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# Need elegant way to cast four bytes into a long

I've got an array.array of unsigned char and would like to make a slice
of that array (e.g. a[0:4]) become one long like I would in "C" :

l = ((unsigned long *) (&a[0]))[0];

I have been getting what I want in this sort of manner :

l = 0L
l = a[0]
l += a[1] << 8
l += a[2] << 16
l += a[3] << 24

but I think that's too wordy. Is there a more intrinsic and elegant way
to do this?

---
wsh
Jul 18 '05 #1
9 2243

"William S. Huizinga" <wi**************@smiths-aerospace.com> wrote in
message news:3f********@news.si.com...
I've got an array.array of unsigned char and would like to make a slice of that array (e.g. a[0:4]) become one long like I would in "C" :

l = ((unsigned long *) (&a[0]))[0];

I have been getting what I want in this sort of manner :

l = 0L
l = a[0]
l += a[1] << 8
l += a[2] << 16
l += a[3] << 24

but I think that's too wordy. Is there a more intrinsic and elegant way to do this?

el = 0L+ a[0] + (a[1]<< 8) + (a[2]<<16) + (a[3] << 24)

is more compact and must be slightly faster (but parens are needed)

TJR

Jul 18 '05 #2
In article <3f********@news.si.com>, William S. Huizinga wrote:
I've got an array.array of unsigned char and would like to make a slice
of that array (e.g. a[0:4]) become one long like I would in "C" :

l = ((unsigned long *) (&a[0]))[0];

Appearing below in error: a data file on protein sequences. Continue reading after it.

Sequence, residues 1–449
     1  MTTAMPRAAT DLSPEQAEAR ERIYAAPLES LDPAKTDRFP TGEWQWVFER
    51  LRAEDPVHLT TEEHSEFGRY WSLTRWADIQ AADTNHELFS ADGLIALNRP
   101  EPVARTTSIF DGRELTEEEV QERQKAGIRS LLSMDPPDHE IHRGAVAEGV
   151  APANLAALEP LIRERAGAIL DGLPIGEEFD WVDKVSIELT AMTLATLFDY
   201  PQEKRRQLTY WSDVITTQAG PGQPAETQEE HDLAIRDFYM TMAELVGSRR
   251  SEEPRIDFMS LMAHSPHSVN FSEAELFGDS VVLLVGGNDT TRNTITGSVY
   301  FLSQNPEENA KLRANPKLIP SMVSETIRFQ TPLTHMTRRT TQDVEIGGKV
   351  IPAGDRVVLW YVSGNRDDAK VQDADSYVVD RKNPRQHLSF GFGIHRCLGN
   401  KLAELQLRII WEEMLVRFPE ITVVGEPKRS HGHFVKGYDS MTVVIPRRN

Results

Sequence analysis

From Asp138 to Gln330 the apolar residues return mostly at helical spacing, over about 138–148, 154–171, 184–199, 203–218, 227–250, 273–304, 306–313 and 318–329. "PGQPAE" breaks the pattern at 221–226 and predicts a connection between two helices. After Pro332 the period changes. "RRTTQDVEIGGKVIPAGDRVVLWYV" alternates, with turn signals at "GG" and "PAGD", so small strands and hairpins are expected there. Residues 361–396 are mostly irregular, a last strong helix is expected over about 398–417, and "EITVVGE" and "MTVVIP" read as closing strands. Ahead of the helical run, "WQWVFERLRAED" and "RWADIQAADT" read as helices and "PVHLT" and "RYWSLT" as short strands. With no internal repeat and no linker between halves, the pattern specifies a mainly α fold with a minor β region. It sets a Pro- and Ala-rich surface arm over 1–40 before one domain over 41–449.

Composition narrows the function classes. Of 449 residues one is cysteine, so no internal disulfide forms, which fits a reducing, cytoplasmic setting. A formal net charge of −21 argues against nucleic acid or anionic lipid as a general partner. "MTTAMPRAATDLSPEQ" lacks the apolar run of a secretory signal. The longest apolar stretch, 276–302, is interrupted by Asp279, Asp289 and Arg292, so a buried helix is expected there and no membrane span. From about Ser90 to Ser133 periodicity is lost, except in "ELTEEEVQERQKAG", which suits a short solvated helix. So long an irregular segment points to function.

I have been getting what I want in this sort of manner :

l = 0L
l = a[0]
l += a[1] << 8
l += a[2] << 16
l += a[3] << 24

but I think that's too wordy. Is there a more intrinsic and elegant way
to do this?

l = a[0] + (a[1]<<8) + (a[2]<<16) + (a[3]<<24)

Or you can use struct:

l = struct.unpack("<I","".join([chr(b)for b in a]))[0]

I think that the former is more obvious.

--
Grant Edwards grante Yow! I always liked FLAG
at DAY!!
visi.com
Jul 18 '05 #3

wsh> I have been getting what I want in this sort of manner :

wsh> l = 0L
wsh> l = a[0]
wsh> l += a[1] << 8
wsh> l += a[2] << 16
wsh> l += a[3] << 24

wsh> but I think that's too wordy. Is there a more intrinsic and
wsh> elegant way to do this?

You mean like this:

l = long(a[0] + a[1] << 8 + a[2] << 16 + a[3] << 24)

You can use struct.unpack as well, though I'd be hard-pressed to get the
details correct. You'd be better off with "pydoc struct".

Skip
Jul 18 '05 #4
In article <3f*********************@newsreader.visi.com>, Grant Edwards wrote:
In article <3f********@news.si.com>, William S. Huizinga wrote:
I've got an array.array of unsigned char and would like to make a slice
of that array (e.g. a[0:4]) become one long like I would in "C" :

l = ((unsigned long *) (&a[0]))[0];

Aside from the endian issue, it may even cause a bus fault or
completely bogus value on many architectures (ARM, SPARC,
etc.). It's actually quite difficult to duplicate that sort of
behavior in Python. ;)

--
Grant Edwards grante Yow! Remember, in 2039,
at MOUSSE & PASTA will
visi.com be available ONLY by
prescription!!
Jul 18 '05 #5
William S. Huizinga wrote:
I've got an array.array of unsigned char and would like to make a slice
of that array (e.g. a[0:4]) become one long like I would in "C" :

l = ((unsigned long *) (&a[0]))[0];

b = array.array('L')
b.fromstring(a[0:4].tostring())
l = b[0]